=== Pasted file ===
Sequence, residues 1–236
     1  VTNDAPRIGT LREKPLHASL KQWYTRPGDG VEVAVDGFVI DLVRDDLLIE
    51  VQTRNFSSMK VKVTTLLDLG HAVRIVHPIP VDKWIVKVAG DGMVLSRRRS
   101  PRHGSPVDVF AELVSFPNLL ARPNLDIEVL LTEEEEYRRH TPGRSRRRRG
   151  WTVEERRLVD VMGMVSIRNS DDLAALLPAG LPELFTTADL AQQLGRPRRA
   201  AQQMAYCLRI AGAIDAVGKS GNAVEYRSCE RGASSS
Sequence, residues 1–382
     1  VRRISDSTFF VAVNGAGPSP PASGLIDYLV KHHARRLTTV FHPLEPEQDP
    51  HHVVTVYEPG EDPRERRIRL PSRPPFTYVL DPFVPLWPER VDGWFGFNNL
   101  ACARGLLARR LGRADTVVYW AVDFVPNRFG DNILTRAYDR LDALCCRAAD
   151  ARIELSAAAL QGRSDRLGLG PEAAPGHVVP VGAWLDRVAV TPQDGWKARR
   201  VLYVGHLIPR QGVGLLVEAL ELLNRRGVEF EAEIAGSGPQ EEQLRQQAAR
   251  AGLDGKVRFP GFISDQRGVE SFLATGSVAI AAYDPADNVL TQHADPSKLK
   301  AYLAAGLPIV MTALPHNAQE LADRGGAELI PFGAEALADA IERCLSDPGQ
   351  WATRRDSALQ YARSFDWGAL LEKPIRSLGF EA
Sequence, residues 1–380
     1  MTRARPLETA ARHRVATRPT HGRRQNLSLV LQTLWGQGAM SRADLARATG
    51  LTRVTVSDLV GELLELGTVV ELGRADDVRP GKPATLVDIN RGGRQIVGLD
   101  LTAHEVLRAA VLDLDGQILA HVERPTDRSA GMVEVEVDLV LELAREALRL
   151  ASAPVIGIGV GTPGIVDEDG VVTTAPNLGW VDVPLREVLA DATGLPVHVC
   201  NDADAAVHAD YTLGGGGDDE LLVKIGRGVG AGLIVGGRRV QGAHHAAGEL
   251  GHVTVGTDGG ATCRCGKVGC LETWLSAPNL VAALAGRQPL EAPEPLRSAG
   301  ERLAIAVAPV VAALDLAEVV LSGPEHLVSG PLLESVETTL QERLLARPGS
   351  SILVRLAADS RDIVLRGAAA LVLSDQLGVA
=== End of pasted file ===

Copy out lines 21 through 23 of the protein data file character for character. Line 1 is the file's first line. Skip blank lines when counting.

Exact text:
   201  NDADAAVHAD YTLGGGGDDE LLVKIGRGVG AGLIVGGRRV QGAHHAAGEL
   251  GHVTVGTDGG ATCRCGKVGC LETWLSAPNL VAALAGRQPL EAPEPLRSAG
   301  ERLAIAVAPV VAALDLAEVV LSGPEHLVSG PLLESVETTL QERLLARPGS